You have already stated most of the risk, make sure you know who make the DLL and what their intension is with the program. If you just download random DLLs, you are at risk. futures.io (formerly BMT) generally doesn't allow DLLs for download except in rare circumstance because of the safety/security issues.
It is possible any DLL can steal any information from your computer, network, bank, trades, install a key logger, steal passwords, or anything else. You wouldn't know it if you can't view the source code.
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The following 2 users say Thank You to Big Mike for this post:
@supermht, all the above responses are correct. I would just add that either most or all commercial indicators will come in the form of dll files, as will some non-commercial ones. The reason is that the creator of the indicator does not want you -- or any competitor! -- to be able to read his original source code, and see just what the indicator does and so be able to copy it.
This puts you in the bind of having to trust the original author, and his or her motivations. It does not mean the dll's are inherently dangerous, just that you cannot know if they are or if they are not.
So, if you are going to buy an indicator, you are probably going to get a dll. You will need to decide whether the provider of the indicator is trustworthy, which you have to do every time you install any software on your computer anyway (essentially all commercial software will come as either exe or dll files, neither of which show the source code). You will need to be very careful who you trust if you are downloading indicators.
You will almost never see a dll allowed on futures.io (formerly BMT), which is about sharing, not hiding.
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when a program (exe) is running, or when a library (dll) is loaded in memory, you will not be able to compile and overwrite the file (exe/dll), visual studio will give you a error it can not output to the locked file.
when you recompile a dll, make sure you unload the old version and reload the new version, it's a good habit to put a version number in your DLL, increment that number every time you modify and recompile, and output that to your output window, that way you can be sure the right version is loaded and you are testing against what you want to test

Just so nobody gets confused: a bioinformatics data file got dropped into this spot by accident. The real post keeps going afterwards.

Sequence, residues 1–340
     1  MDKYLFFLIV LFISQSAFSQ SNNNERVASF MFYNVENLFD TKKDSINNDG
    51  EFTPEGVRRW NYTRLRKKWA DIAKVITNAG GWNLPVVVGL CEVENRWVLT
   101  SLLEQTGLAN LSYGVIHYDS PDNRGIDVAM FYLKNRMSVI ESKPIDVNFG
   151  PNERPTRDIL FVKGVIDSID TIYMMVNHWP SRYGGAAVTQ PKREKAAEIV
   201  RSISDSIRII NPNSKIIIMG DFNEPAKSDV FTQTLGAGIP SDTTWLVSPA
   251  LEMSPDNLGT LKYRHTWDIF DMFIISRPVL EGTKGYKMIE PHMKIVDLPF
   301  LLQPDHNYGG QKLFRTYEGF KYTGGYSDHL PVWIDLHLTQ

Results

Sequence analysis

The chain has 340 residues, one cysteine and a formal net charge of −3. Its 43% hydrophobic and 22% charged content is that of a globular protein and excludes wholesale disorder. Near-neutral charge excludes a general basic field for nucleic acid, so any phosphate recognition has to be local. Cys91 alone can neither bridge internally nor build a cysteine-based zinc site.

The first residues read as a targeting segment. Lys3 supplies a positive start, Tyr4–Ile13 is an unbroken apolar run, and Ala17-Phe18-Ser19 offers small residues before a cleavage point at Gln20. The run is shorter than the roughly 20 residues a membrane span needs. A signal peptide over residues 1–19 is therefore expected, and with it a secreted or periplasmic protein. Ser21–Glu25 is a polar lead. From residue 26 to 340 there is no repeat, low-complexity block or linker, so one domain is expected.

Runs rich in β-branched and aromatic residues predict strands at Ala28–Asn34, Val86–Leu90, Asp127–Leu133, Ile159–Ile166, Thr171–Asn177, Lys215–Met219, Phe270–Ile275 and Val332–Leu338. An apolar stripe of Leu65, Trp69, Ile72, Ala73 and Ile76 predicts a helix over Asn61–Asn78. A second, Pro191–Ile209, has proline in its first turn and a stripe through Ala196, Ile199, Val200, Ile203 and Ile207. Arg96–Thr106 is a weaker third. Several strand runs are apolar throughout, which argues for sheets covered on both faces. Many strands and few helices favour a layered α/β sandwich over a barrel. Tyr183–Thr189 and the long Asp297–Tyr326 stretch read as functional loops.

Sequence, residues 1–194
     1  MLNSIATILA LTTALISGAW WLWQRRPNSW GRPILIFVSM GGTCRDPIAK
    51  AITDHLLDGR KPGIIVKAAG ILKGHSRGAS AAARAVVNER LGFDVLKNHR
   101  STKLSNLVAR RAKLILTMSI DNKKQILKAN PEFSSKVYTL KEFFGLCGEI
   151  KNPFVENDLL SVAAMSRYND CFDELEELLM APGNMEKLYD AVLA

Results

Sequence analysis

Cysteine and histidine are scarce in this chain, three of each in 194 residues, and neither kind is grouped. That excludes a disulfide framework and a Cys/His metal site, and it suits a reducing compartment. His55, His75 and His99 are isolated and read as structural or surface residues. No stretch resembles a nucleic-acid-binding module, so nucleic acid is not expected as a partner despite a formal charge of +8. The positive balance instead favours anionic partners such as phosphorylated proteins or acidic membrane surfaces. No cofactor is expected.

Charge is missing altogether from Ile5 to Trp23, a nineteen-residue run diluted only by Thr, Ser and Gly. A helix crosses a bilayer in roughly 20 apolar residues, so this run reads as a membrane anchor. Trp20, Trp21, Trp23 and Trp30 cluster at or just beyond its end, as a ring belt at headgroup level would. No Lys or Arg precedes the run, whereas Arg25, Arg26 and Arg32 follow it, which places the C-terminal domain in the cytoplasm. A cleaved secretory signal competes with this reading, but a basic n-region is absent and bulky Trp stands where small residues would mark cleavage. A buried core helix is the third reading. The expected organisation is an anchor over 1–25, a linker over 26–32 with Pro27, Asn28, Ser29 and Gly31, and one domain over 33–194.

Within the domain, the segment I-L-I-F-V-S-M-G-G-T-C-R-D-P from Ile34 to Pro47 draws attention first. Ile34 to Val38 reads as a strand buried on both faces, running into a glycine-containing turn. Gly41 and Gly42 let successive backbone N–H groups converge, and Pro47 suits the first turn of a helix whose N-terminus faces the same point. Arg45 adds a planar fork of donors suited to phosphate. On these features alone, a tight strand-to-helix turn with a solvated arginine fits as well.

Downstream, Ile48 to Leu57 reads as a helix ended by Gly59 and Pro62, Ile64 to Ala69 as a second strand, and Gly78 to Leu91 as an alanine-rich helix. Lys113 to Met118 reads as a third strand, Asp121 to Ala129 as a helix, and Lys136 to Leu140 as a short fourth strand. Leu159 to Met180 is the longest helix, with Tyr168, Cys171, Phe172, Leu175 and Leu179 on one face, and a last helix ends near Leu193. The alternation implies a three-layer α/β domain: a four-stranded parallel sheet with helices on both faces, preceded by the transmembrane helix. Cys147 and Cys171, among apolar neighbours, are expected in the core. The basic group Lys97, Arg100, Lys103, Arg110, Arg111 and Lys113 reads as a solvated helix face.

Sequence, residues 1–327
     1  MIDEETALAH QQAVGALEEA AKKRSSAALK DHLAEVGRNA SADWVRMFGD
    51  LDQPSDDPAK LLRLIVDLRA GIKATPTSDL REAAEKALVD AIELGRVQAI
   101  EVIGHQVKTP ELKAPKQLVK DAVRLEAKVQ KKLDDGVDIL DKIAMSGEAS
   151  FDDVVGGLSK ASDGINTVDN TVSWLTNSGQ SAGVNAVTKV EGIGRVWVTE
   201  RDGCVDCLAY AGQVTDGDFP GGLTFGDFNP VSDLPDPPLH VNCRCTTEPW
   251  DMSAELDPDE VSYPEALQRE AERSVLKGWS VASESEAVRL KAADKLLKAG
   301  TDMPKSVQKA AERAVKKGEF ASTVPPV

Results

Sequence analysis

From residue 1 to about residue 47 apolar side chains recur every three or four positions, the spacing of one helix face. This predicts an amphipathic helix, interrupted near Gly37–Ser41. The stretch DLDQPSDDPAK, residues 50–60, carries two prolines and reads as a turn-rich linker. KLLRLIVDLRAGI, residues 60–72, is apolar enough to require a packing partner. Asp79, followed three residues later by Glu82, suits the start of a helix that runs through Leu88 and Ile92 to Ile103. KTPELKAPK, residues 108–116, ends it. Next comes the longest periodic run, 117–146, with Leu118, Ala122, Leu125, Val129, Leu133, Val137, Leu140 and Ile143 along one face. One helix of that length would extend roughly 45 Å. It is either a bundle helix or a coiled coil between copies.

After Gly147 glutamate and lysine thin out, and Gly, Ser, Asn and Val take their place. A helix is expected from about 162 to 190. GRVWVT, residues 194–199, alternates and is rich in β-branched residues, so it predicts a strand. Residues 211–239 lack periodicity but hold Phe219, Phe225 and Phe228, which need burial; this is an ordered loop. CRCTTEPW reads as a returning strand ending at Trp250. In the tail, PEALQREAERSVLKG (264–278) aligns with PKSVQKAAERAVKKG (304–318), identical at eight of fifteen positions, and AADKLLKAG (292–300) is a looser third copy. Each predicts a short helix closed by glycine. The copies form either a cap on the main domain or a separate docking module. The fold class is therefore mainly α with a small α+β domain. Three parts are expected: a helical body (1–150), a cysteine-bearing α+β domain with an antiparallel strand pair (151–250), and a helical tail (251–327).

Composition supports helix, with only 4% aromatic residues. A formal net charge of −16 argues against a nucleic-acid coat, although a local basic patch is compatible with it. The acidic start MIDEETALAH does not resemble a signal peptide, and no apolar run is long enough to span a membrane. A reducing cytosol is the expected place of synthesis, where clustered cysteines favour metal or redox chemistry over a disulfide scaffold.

Last edited by rleplae; December 28th, 2014 at 08:20 AM.
If you have software (exe/dll) with uncertain/doubtful origin and you absolutely want to test it
(if it comes from a non respectful vendor i would strongly discourage you to install exe/dll, unless
you see the source code and are able to recompile it correctly, never take executables from
hacking site, they always include stuff you don't want on your system)
you can do a few things to limit your risk
1) you can always install software in a sandbox/virtual machine environment, if the software contains
a virus or other unwanted things, you will be able to contain the hazardeous behaviour to that sandbox
there are a lot of those environments out there. (vm ware, etc..)
2) if you don't have access to the source code and want to see what the software is doing, there a
few tools out that you can use :
- sniffer, is a program that allows to capture and visualize all packets that go in and out of your machine
this allows to see some of the network activity at least. (eg : ethereal, ..)
- you must of course always have a good end-node security product (anti-virus, malware detection)
- you can use a tool like filmon (system internals) to see what activity the module is generating on your
hard disk, if it is reading all files and directories on your disk, you might question what it's intent is)
The following 2 users say Thank You to rleplae for this post:
I want integrate my own DLL file to an indicator in NinjaTrader 8. But NT crashed when I compile my code.
I tried to do like explained in this tuto: "https://futures.io/ninjatrader-programming/32855-ninjatrader-dll-s-creating-loading-how.html"]https://futures.io/ninjatrader-programming/32855-ninjatrader-dll-s-creating-loading-how.html" , but that didn't work. I tried also to use AddOns section and that didn't resolve the problem.
This is my code:
#region Using declarations
public class MyIndicator : Indicator
private Export export = new Export();
private List<string> symbolDetails;
protected override void OnStateChange()
if (State == State.SetDefaults)
The example was created at the time that NT 8.0 was not yet out.
First thing that comes to my mind, is to check the .NET framework version.
To my knowledge NT 8.0 is using .net 4.5
For which version did you compile your DLL ?
Can you please check, correct and circle back if it solves ?
I already check it and my library has for target .NET framework 4.5. And it's compiled with VS 2015.
I think that the problem have relation with the instantiation of the object export: private Export export = new Export();. Because sometimes when I comment this line, the indicator works.
I would suggest you comment out the maximum of the logic inside that object
and get also a try/catch in place if some stuff is there
make sure that the container works, purely the object without anything else
Do you rely on any other DLL's inside your object ?
Can you post a screen shot when exactly it crashes ?
Is there something in the event log ?
something in other log files ?
Is the issue when you compile or when you try to execute the Indicator?
Your DLL needs to be in the /bin/custom/ folder and usually requires a restart of NT8 for NT8 to link to the code for use so make sure you have restarted. This could be a simple "can't find DLL". Please check your Log & Trace files for any hints, if you post them we might be able to help better.